The next day, we called up, and said that we were on a very tight schedule, and that we only had certain amount of time, I was told to come in early and get the paperwork started and my wife could come in and basically sign the papers, and we'd be all done. Well, I basically sat around for 40 minutes waiting even though I said that I'd be there at 1 PM. My wife showed up just as I was meeting with the finance person, and we figured, OK sign some papers and we're out of here with our new cars. But incorrect information, computer glitches, basic confusion, and reprinting forms again and again because of mistakes led us to walk out even though we were almost done with the paperwork on the first car. Six hours of wasted time - well, actually 11 hours if add in the 5 hours of driving back and forth.
A phone call to Criswell Honda in Germantown, MD, another dealer even further away, got us a slightly better price and they had two Fits in stock that we liked, but only I could go that night. So I drove an hour, and had to go through all the same typical car buying stuff - credit application, trade-in appraisal, and financing. However, with the price already negotiated, Kellie of Criswell, expedited the process.
The only minor thing was when it came to signing all the forms. And this is a criticism of the car dealership business and not of Criswell Honda. Jessica the financing agent was great, pleasant, and moved through things quickly. I was patient knowing that she was required to inform me about these things. But I just don't appreciate car dealers in general trying to get me to buy all of this extra stuff - security systems, extended warranties, road hazard protection, and such - as I am trying to read, understand, and sign the fifteen documents I need to sign. I speculate that they get you in a small room after you have already invested a lot of time and are feeling a bit exhausted with it all, and try to hit you up knowing that many people will say yes to nearly anything if they are weary enough just to end it all the sooner.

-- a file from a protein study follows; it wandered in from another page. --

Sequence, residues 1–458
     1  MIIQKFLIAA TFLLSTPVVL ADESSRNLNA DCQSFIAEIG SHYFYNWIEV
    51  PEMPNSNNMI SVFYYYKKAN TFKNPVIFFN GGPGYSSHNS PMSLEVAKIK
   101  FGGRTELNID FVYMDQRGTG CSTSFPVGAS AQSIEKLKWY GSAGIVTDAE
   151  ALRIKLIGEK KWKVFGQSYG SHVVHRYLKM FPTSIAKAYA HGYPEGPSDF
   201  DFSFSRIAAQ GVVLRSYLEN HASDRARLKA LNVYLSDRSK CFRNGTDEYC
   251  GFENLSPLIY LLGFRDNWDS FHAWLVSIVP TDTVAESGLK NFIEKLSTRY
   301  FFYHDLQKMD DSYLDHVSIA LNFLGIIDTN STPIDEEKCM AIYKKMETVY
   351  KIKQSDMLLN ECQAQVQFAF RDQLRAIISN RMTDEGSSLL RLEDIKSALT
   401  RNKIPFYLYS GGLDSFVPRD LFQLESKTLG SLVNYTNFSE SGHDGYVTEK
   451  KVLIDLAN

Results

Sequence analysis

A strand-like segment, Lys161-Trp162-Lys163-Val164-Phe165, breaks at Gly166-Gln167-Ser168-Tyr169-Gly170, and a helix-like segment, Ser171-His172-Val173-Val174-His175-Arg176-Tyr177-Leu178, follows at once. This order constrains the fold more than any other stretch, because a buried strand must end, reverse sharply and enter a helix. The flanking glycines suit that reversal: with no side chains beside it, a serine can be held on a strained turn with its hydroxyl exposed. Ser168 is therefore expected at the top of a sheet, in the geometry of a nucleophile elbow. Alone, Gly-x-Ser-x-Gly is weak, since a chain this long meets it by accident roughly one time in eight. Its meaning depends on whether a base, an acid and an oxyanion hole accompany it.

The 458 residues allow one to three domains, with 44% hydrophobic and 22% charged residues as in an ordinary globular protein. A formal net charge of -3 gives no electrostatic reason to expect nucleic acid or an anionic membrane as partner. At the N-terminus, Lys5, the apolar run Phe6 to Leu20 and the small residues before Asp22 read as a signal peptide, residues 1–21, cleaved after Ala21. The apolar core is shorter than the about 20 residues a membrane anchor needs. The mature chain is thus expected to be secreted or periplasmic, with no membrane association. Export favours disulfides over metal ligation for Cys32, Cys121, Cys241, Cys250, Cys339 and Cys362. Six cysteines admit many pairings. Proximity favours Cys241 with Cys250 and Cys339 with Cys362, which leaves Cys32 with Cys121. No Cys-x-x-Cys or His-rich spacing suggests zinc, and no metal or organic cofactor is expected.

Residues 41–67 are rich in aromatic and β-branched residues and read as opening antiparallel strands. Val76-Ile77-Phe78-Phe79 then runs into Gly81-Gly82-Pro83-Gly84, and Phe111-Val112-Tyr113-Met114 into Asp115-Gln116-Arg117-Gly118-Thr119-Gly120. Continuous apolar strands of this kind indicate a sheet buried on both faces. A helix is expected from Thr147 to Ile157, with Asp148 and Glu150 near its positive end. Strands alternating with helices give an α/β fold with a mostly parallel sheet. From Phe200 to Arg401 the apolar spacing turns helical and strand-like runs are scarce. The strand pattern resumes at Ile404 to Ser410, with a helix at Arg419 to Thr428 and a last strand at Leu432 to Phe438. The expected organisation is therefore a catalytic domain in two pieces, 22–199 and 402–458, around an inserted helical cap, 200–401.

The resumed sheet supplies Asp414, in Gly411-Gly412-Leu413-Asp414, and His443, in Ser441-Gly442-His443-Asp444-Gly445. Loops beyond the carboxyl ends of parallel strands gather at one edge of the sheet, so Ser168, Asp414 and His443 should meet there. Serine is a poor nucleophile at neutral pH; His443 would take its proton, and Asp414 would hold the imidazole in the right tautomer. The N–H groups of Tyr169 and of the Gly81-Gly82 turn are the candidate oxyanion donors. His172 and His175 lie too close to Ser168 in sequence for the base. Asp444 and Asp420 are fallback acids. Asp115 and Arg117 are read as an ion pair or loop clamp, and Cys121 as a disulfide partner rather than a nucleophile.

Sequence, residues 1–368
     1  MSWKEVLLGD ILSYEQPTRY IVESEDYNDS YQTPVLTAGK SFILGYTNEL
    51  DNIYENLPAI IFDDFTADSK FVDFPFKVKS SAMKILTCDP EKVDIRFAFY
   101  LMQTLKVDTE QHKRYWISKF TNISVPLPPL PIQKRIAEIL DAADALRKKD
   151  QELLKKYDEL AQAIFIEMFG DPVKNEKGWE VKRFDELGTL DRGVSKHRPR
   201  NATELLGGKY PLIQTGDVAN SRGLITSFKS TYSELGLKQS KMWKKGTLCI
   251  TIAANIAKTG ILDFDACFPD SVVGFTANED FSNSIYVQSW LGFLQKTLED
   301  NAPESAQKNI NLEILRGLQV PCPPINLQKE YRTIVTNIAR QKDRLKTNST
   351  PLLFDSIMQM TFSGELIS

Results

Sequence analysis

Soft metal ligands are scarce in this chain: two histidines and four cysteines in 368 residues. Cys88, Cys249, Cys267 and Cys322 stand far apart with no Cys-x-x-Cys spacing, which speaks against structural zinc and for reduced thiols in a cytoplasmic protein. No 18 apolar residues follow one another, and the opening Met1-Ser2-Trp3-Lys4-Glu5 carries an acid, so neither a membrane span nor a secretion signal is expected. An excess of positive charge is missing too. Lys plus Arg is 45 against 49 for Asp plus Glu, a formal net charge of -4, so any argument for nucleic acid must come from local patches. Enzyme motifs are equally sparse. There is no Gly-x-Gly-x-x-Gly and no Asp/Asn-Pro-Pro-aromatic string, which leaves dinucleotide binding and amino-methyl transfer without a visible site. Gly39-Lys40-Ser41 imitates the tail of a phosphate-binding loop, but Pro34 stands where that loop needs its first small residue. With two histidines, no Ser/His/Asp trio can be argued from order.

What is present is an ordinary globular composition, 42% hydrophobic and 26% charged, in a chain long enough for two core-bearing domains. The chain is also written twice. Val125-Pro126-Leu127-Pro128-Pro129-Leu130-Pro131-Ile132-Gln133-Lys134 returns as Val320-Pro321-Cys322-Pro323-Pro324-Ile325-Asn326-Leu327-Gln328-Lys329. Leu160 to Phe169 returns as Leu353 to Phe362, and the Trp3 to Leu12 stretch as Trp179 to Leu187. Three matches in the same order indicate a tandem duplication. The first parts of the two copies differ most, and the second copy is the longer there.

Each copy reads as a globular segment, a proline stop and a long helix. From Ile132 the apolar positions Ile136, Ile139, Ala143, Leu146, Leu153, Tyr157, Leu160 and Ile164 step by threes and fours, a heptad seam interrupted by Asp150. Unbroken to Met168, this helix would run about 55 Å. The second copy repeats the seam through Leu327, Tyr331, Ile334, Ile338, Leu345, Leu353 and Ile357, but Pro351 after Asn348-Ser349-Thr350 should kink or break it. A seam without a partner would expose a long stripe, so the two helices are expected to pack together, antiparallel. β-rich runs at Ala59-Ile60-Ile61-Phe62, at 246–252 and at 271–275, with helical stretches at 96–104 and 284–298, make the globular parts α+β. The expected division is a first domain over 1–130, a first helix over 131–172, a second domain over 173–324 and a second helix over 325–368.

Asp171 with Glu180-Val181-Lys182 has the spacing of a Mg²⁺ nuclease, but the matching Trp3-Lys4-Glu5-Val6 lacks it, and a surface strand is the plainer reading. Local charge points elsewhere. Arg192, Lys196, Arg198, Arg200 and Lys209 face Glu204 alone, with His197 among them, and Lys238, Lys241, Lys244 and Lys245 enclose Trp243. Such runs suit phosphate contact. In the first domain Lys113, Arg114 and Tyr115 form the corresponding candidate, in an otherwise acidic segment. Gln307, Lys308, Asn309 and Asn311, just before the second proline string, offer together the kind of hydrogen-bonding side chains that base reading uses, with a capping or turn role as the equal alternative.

But like I said, Jessica was great, and we got everything taken care of for my wife's car. I hope that Jessica didn't feel like I was upset with her or the dealership. I had a lot of residual anger, frustration, and fatigue from the other dealership, and just a lot of frustration with the nature of the process. But I left with my new car (below).
Joanne got her car the next day, but of course, it was a 2 hour round trip. But we quickly signed the papers, and were able to basically jump in her new car and go. So, I am thankful for Criswell Honda for a much better experience. But I still hate car buying.
Perhaps it could be more like computer buying. When buying a computer, you go in, you see the base price for the model that you want to buy and the list of prices for all the upgrades and added features. You have it all laid out for you so that you can quickly compare prices and features. Computer stores will also have some literature to take home or info on their website so that you can make an informed decision. But I guess that if car dealers gave you the information upfront, gave you time to think about it, and didn't fatigue you and pressure you, they wouldn't be able to make money.
So, I hate car shopping, but love my new car.